UN chief urges Pakistan to end executions, reinstate death penalty moratorium

Prime Minister Muhammad Nawaz Sharif of Pakistan. UN Photo/Cia Pak

26 December 2014 – Secretary-General Ban Ki-moon has called on the Government of Pakistan to bring an end to the executions of all convicts and re-impose the country’s moratorium on the death penalty, a United Nations spokesperson announced today.

Mr. Ban’s appeal follows Pakistan’s recent decision to lift a six-year moratorium on the use of the death penalty following the recent terrorist attack on a school in Peshawar which claimed the lives of 145 people, the majority of whom were children.

The UN spokesperson’s office noted that in a phone conversation held yesterday with Pakistan’s Prime Minister, Muhammad Nawaz Sharif, the Secretary-General reiterated his condolences to the people and Government of Pakistan and, “while fully recognising the difficult circumstances” the country now found itself in, urged the Government to reinstate the moratorium and bring executions to a halt.

Earlier this week, UN High Commissioner for Human Rights, Zeid Ra’ad Al Hussein, condemned Pakistan’s decision, particularly at a time when the international community is increasingly turning away from the use of the death penalty.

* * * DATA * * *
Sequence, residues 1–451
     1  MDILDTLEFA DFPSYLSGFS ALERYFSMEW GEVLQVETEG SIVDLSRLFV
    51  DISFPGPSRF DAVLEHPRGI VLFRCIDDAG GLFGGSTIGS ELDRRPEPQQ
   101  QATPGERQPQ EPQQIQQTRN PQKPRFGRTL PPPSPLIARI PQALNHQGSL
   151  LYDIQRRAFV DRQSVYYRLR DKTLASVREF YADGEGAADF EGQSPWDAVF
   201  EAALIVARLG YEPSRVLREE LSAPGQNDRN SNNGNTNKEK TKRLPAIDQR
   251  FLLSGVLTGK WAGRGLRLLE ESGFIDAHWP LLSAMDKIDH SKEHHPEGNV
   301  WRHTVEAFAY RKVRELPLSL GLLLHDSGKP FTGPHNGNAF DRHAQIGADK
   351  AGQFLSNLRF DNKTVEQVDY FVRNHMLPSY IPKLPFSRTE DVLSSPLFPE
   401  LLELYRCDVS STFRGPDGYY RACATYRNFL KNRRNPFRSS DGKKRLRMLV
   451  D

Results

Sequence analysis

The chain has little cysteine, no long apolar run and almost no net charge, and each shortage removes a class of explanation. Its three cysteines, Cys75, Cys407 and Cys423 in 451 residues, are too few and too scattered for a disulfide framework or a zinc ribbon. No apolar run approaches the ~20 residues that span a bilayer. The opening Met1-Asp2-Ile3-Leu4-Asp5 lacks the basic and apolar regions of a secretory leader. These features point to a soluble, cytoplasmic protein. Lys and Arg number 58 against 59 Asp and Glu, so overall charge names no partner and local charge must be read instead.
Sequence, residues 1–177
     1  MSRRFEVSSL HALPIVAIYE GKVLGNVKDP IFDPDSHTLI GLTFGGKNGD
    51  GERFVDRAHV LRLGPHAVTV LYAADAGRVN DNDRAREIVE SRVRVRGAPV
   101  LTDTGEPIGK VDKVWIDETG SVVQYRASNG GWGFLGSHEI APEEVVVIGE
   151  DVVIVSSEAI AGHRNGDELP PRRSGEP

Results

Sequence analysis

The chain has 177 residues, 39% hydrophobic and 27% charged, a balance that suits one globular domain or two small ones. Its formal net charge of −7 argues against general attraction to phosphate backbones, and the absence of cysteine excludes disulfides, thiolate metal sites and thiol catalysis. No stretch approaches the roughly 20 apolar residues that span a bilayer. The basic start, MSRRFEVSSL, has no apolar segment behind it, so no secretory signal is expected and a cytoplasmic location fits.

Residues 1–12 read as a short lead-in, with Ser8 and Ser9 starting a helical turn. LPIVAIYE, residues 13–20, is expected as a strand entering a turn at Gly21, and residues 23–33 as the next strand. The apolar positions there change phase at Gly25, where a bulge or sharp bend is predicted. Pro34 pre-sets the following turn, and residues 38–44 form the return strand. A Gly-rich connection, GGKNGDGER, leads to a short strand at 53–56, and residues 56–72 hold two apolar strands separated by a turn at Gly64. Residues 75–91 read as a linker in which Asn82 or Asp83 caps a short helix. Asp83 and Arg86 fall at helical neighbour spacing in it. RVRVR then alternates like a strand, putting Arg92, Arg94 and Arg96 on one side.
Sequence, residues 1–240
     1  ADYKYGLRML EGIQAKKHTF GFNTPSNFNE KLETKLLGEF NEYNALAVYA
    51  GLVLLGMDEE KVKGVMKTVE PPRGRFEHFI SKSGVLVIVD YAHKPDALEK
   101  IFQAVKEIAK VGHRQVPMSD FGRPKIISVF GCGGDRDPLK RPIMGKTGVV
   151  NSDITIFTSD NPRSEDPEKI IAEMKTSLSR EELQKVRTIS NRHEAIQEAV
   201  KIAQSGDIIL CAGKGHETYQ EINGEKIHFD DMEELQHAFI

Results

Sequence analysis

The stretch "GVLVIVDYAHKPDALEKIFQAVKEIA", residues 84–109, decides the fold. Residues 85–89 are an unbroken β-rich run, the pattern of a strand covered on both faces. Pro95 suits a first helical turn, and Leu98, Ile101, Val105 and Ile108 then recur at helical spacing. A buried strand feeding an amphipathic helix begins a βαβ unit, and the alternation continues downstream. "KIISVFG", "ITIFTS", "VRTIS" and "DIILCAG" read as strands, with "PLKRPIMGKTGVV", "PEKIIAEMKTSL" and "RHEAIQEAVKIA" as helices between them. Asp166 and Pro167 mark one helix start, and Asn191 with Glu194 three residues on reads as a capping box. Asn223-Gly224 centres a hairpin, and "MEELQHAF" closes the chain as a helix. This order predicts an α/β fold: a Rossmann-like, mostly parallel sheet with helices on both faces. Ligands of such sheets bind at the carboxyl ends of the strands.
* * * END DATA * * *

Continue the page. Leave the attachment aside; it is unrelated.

In a news release issued on 22 December, Mr. Zeid warned that “no judiciary, anywhere, can be infallible” and stressed that “no justice system, no matter how robust, can guarantee against wrongful convictions.”

In October, the Office of the UN High Commissioner for Human Rights (OHCHR) released its report – entitled Moving away from the Death Penalty, Arguments, Trends and Perspectives – upholding abolition as a necessity, particularly due to the need to avoid executing those subjected to wrongful convictions; the lack of statistical evidence pointing to the death penalty as a useful deterrent; and the higher rate of execution among those from marginalized communities, including people with mental or intellectual disabilities.

Recently, Equatorial Guinea and the states of Washington, Maryland and Connecticut in the United States, decided to establish a moratorium or suspend executions while last April, El Salvador, Gabon and Poland acceded to the Second Optional Protocol to the International Covenant on Civil and Political Rights – an international agreement aimed at abolition. These countries join the more than 160 other Members States who have already either eliminated capital punishment or do not practice it.


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